Maine is the First State to Pass Laws Banning Commercial Use Of Styrofoam
Maine governor Janet Mills recently signed a law that bans businesses from using Styrofoam food containers. It will start effectively on Jan. 1, 2021, and forbids restaurants, coffee shops, grocery stores and caterers from using the popular to-go containers because the state cannot recycle them.
Maine is the first U.S. state to enact such a law while debate surrounding the ban of disposable products such as plastic and Styrofoam has been taking place throughout the nation. States such as California and New York have banned single-use plastic bags while Florida and Tennessee make it illegal for local cities to control them.
Maryland lawmakers have approved several bills that ban polystyrene, but it’s not known if Republican Gov. Larry Hogan is going to sign it into law. The Maryland House bill was sponsored by Democratic delegate Brooke Lierman, with the intention of getting people to stop relying so heavily on single-use plastics.
According to Mills, polystyrene is unrecyclable like many other products. And, even though someone is finished drinking their coffee, the Styrofoam cup will take years to break down and pollute the environment. She said it hurts wildlife and can have a significant impact on the economy.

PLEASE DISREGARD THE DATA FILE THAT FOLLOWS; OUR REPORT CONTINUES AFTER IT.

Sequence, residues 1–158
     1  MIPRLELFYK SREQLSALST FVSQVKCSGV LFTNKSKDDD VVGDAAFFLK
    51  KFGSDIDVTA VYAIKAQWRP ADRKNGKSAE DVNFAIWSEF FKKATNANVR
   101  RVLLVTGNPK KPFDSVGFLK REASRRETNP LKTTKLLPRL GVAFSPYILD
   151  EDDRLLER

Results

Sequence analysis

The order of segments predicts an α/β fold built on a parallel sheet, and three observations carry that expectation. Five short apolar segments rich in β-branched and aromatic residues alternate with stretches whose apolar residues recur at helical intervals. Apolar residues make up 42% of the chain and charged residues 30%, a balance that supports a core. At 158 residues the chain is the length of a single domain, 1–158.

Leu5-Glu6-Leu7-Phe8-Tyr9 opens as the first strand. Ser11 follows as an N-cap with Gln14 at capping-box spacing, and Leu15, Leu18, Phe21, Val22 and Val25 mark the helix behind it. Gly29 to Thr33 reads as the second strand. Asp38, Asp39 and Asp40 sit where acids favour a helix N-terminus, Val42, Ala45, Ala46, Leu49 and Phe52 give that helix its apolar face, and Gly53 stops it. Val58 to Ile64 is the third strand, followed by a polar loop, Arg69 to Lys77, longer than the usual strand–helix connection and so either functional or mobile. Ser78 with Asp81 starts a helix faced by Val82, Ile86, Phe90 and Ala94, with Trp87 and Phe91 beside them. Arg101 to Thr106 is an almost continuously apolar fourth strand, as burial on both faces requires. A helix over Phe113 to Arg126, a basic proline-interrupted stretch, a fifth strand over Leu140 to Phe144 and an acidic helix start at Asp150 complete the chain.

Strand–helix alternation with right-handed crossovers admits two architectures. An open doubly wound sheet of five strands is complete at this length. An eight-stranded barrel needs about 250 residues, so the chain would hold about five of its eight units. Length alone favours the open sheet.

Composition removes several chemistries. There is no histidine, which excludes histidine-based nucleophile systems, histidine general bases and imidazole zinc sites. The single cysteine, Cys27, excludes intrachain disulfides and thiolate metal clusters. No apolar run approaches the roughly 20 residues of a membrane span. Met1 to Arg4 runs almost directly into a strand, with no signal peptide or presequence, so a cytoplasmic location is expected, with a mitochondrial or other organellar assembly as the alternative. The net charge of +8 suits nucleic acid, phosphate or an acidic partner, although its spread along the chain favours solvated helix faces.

Democratic Rep. Stanley Zeigler is responsible for bringing the legislation to Maine lawmakers, and it also bans plastic beverage stirrers.
Anybody found in violation of the law could face a $100 or less fine.
National Resources Council of Maine Sustainable Director Sarah Lakeman said Maine has proven to be one of the leading states committed to environmental reforms – with the elimination of disposable foam containers that are costly and dangerous to the environment and wildlife.
She said it’s imperative that people do everything they can to limit their use and curb the use of single-use plastics.
According to the NRCM, the top 10 most commonly littered items in the nation is plastic foam food containers with over 256 million pieces of disposable foam plates, bowls, cups, trays and platters being used annually in the state.
15 Maine towns had already taken steps to ban foam food containers.
Trash Free Maryland Executive Director Ashley Van Stone said Styrofoam breaks up into smaller pieces, which makes it hard to clean up.
Van Stone said foam can also absorb toxins more rapidly than plastic, and marine life mistake it for food. The wildlife that consumes these toxins are often consumed by adults, which means people are consuming the toxins too.
Some companies have even developed their own programs to make a difference in the environment. Mpower Energy / Mpower Direct dedicates a substantial amount of money and marketing to educating consumers about sustainable living practices on their Mpower Energy Twitter page.